Paul Rust and Gillian Jacobs star in the Netflix series finale, “Love.”

Take any screenwriting course worth its salt and a basic rule for writing is this: conflict drives the plot. However, conflicts need resolutions, and the job of the screenwriter is to find the elements set up in the first part of the story and find a way of resolving them at the end. Season 3 of the Netflix series “Love” excels in conflict. Indeed, the entire premise of “boy meets girl” is complicated by the fact that the boy is a clingy, pushover whose ever-present smile masks a darker side. And the girl is an emotional mess of a person who is trying to recover from substance abuse — while trying to keep her abusive side in check. The boy is Gus (played by show co-creator, Paul Rust), and the girl is Mickey (Gillian Jacobs) — who make up an unlikely couple whose relationship ups and downs are the center of the story. Gus is a teacher of child actors on the set of a teen witch show called “Witchita,” while Mickey works as a producer for a popular satellite radio sex talk show. We’ve seen two seasons where Gus and Mickey’s professional life has moments of advancement, but in this season, it’s clear Mickey’s career is taking off as the show she produces gets more airtime. Gus? Well, he’s kind of stuck. He wants to write screenplays, maybe direct movies, but he’s been pigeonholed into a role of obsequious movie set teacher who is at the beck and call of his superiors (who really can’t stand him, but keep him around because he does what they say). The tensions in Gus’ personal and professional life manifest themselves in a road rage incident, in meeting an old girlfriend at a wedding (one of the better episodes featuring a very moving performance by Vanessa Bayer), in his effort to direct a short film, and just being kicked around at his job (which he’s really hating, but represses it).

In a way, Season 3 is about revealing the dysfunctions in Gus’ life. Rust plays him with a near-constant veneer of Midwestern charm. But underneath the fake smiles and willingness to “help” in whatever way he can, masks a deep resentment that his life didn’t turn out the way he hoped. Mickey, for the most part, is trying not be the horrible person she started out as, but she can only contain her monstrous personality for so long, and she does lapse into destructive rages at times during this season. As a recovering alcoholic, she tries to tamp down the temptations of drinking by smoking — but even that’s a habit she’s trying to break. In short, Mickey is making an effort to be what she alluded to towards the end of Season 2 when she confessed to her ex-boyfriend Dustin (Rich Sommer): “Honestly, some part of me doesn’t want to deal with big career responsibilities. I just want to get married, have kids, and live a simple life…I just want a happy family, erase the bad one, and give my kids the fucking awesome childhood I never had.” Mickey doesn’t see that future happening with Dustin. But with Gus? He has potential to be a good husband and a great father.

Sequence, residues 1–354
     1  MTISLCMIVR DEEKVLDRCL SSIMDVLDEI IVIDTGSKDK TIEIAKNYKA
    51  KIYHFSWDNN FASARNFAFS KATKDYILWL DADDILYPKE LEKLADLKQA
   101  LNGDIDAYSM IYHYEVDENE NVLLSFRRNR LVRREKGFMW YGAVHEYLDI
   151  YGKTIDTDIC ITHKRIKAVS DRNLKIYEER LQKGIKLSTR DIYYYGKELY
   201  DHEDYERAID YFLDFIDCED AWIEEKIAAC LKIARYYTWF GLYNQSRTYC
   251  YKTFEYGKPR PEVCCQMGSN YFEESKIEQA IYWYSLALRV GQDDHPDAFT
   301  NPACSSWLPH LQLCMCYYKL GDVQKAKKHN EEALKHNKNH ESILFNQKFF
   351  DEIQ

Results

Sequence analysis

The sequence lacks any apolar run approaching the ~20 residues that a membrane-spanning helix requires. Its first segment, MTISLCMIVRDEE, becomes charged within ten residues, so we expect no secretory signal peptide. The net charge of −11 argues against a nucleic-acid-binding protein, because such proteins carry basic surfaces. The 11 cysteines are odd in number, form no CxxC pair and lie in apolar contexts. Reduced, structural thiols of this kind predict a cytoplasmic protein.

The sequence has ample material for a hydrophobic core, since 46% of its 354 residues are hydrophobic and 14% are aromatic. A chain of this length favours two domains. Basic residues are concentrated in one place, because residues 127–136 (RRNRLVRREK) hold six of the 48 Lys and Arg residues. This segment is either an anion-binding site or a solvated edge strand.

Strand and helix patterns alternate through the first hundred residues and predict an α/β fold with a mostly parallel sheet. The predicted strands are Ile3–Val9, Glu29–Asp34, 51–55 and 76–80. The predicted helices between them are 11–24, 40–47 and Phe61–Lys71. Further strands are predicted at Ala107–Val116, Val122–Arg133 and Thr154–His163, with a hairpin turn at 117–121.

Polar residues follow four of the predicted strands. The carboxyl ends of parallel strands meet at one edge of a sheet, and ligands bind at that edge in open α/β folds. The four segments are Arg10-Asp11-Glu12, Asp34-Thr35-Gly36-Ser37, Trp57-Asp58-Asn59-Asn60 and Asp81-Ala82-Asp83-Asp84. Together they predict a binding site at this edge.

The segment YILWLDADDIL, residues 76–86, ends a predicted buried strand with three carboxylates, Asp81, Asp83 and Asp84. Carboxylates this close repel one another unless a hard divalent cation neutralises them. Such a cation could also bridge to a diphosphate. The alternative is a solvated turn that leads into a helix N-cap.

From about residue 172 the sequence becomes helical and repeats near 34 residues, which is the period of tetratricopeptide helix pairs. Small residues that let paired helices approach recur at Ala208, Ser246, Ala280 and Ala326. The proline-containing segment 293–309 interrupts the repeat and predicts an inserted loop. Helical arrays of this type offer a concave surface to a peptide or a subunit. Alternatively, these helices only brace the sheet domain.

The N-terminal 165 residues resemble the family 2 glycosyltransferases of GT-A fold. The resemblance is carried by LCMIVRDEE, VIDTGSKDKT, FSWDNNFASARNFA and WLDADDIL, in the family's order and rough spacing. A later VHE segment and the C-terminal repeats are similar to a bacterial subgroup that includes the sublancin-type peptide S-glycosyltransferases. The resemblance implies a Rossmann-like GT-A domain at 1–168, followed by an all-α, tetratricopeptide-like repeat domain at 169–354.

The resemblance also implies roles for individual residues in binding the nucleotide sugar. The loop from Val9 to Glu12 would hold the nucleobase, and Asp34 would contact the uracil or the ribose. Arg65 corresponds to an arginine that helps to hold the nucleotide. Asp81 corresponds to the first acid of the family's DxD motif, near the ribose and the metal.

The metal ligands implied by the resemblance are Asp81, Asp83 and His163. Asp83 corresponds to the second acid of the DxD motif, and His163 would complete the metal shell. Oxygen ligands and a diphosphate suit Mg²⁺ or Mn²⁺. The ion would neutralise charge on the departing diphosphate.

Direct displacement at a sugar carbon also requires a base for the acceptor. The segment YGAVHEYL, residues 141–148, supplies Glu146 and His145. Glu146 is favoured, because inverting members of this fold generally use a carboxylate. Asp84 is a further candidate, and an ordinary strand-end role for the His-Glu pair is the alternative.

Gus, though, is not sure Mickey is someone he can trust to be a good mom. He’s suppressed his feelings about Mickey’s addictions, her volatile personality, and if she really loves him. All this comes out toward the end of the series when Gus takes Mickey back to South Dakota for his mom and dad’s 40th wedding anniversary. There, it’s revealed how Gus got tracked into teaching and how his promising career in the movie industry was thwarted by an unfortunate email. It took three seasons, but we finally get to see Gus resolve some of the conflicts in his life. In a way, we get to see Mickey do the same, and — in an episode that’s one of the best — we also get a storyline devoted to one of the best characters in the series, Bertie (Claudia O’Doherty). Most of the character arcs don’t really get resolved in to “Happily ever after,” but that’s not the point “Love.” It’s about damaged people understanding what love is in their own messed up lives. Credit goes to show producers Judd Apatow, Lesley Arfin, and Paul Rust for developing the natural progression (and regression) of the characters and for creating some truly funny situations (and, alas, some that fall flat) in a series that I found both maddening and compelling. I’ve never worked in film or TV in Hollywood, but if Apatow and company are reflecting what they have experienced, forget all that “Hollywood Liberal” stuff. This industry is stacked head to toe with Grade A Assholes. I supposed the fallout with Harvey Weinstein’s scandal (and others like it) should confirm what most know: When it comes to an industry where careers are made on personal relationships — and not one’s credentials — it’s shouldn’t surprise anyone that such a culture is ripe for exploitation on many levels. That’s what put me off the first season so much. The level of assholery among some of the central supporting characters was so high at times, that I wondered why they labeled this a comedy. However, over to course of three seasons, “Love” did what other shows like it (i.e., “Girls”) struggle to do: make the viewer care about annoying and somewhat unlovable characters in such a way that we hope they live happily ever after. The show never gives us that assurance, but it does leave us thinking, “Hey, it could happen.”